Saanich Parks has added a new park to its inventory with the addition of 1.5-hectare Kardum Park at 310 Ivor Rd. in West Saanich.
The undeveloped land came available when the Kardum family recently contacted Saanich about selling it. It happens to sit adjacent to four undeveloped Saanich lots and rights of ways. All merged, it will create a natural park of about 2.8 hectares.
With the adjacent lots, and the chance to connect the local parks by a road and trail network, including Logan and Quicksbottom, the purchase was one of opportunity, said Saanich senior parks manager Eva Riccius.
“It’s one of these things that happen across your desk, from time to time,” Riccius said. “When it came available it was very interesting to us, as it has Saanich-owned lots adjacent, making a decent-sized parcel into big parcel, that’s a win for you.”
Following an independent appraisal the land was purchased for $650,000.
(Inset image: Google Maps)
However, not everyone supports the purchase, as Mayor Richard Atwell says it’s an unnecessary addition to Saanich’s park portfolio.
“I believe that area is over served by parks where there are three [Goy, Logan and Calvert parks], plus Layrtiz and its walking trails, all in a rurally populated area,” Atwell said. “The acquisition of this park wasn’t in the parks planning, and it was decided on without public consultation, which I think there should have been.”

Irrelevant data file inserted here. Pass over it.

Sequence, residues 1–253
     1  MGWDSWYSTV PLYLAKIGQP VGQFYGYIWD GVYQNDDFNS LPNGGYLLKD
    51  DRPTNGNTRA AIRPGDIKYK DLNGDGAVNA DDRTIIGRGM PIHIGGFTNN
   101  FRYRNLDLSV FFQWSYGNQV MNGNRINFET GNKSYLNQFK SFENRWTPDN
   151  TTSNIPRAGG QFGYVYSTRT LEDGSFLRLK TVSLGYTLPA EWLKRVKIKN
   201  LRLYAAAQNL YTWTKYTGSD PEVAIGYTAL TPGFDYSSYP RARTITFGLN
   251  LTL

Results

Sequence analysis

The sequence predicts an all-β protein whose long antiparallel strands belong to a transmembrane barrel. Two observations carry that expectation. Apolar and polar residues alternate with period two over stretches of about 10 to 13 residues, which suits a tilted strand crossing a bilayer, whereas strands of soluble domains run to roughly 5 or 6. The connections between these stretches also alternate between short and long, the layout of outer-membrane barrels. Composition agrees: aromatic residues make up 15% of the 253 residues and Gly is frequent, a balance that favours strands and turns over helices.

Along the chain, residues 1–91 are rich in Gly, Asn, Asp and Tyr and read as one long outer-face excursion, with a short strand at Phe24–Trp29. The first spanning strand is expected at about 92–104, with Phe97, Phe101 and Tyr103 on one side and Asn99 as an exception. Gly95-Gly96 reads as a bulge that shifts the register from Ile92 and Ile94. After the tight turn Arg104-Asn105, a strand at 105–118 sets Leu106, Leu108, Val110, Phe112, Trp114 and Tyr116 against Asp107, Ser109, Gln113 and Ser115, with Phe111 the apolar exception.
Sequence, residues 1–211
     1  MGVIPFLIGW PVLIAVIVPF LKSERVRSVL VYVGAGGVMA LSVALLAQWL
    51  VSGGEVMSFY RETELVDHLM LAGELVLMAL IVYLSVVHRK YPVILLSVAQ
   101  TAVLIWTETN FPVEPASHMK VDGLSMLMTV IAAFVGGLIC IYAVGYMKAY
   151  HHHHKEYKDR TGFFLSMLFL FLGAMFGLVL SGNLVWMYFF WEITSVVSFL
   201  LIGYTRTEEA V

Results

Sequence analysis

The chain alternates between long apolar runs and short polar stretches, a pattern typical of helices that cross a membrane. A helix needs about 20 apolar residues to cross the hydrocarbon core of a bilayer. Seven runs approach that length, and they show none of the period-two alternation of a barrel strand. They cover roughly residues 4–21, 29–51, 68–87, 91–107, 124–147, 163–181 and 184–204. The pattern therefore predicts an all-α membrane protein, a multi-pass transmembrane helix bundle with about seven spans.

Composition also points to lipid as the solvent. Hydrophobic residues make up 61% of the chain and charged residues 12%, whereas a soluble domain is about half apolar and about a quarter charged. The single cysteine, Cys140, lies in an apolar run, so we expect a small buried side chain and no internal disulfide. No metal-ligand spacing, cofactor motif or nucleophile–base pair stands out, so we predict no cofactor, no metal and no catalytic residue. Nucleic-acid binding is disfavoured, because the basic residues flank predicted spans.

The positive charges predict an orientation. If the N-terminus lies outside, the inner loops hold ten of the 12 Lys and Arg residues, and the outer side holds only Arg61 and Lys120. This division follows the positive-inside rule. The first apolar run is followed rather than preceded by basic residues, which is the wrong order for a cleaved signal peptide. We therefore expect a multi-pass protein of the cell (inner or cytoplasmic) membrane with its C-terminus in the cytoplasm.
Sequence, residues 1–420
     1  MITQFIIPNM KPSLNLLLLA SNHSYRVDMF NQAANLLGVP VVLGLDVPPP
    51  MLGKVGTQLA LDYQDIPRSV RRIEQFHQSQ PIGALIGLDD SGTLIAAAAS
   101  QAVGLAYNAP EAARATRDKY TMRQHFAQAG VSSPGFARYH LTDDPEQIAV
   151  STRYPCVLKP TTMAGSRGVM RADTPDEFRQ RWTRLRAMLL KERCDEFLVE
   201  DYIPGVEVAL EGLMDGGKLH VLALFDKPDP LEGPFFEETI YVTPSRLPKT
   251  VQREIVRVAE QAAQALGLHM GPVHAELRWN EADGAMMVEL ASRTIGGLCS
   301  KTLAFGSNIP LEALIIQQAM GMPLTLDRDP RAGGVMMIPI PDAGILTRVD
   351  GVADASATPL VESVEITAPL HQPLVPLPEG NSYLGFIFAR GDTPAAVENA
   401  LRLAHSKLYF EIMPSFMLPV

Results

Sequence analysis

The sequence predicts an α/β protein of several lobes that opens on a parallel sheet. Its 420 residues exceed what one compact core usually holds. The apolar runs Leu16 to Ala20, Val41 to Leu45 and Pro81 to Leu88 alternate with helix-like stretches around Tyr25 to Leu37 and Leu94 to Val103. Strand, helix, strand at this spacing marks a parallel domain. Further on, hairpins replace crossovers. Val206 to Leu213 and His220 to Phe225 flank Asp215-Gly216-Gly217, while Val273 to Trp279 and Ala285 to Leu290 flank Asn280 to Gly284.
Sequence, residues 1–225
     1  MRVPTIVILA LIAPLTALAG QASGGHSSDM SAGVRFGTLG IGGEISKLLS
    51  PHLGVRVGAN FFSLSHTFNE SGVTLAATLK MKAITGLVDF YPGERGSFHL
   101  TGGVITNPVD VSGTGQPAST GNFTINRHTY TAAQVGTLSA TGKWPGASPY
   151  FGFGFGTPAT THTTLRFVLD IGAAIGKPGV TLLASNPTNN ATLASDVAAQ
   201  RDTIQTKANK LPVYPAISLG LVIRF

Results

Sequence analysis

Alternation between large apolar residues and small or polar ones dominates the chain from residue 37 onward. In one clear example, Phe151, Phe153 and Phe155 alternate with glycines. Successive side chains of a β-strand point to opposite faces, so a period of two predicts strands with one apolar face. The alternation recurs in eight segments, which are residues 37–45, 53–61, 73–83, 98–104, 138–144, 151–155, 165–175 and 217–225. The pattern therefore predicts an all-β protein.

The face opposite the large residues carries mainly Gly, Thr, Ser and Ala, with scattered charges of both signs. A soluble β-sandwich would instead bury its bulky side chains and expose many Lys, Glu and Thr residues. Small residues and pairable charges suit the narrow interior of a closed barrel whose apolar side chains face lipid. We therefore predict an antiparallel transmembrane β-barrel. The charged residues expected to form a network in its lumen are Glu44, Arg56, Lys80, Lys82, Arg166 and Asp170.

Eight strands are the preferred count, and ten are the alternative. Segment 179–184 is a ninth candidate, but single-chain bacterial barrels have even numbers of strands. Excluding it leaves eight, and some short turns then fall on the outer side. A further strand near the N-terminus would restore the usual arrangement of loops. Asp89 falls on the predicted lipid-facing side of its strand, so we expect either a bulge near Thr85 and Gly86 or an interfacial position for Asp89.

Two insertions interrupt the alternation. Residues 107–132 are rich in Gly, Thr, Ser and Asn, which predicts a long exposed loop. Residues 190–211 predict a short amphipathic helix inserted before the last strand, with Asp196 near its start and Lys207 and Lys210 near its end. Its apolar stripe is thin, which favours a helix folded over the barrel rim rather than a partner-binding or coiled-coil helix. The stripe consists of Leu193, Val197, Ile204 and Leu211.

Furthermore, the initial expenditure won’t be the end cost, Atwell added, as there will be further costs to create a network of trails.
Regardless, Kardum becomes Saanich’s 171st park. The name, Riccius said, comes as part of the deal with the Kardum family that has owned the land over the past generation.
“Saanich is always looking at ways to improve our already impressive system of parks and natural areas for current and future generations to enjoy,” said Coun. Susan Brice, chair of the Parks, Trails and Recreation committee. “This land is in a wonderful natural state, with very few invasive species and an abundance of wildlife such as owls, amphibians and small mammals.”
The parkland itself features a mature fir forest, rocky Garry oak outcrops, and a seasonal stream. Riccius visited the property last week and spotted two barred owls.
Riccius said a trail through Kardum Park will help connect a trail system from Francis King Regional Park to Layritz and Quicksbottom parks, and form future trail connections leading to Camosun College and Vancouver Island Technology Park.